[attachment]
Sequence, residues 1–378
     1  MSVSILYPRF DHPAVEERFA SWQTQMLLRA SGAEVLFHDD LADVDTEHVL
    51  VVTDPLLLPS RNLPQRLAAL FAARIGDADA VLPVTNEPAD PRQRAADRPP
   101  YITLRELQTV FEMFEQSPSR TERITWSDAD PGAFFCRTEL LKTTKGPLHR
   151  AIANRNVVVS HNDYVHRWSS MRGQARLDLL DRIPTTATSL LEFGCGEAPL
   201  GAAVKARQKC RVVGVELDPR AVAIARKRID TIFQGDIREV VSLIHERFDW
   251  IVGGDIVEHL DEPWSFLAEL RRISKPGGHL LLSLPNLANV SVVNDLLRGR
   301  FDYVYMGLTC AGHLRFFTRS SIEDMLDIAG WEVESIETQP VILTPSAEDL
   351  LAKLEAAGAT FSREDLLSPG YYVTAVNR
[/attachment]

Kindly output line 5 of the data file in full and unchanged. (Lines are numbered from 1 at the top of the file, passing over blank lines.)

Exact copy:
   151  AIANRNVVVS HNDYVHRWSS MRGQARLDLL DRIPTTATSL LEFGCGEAPL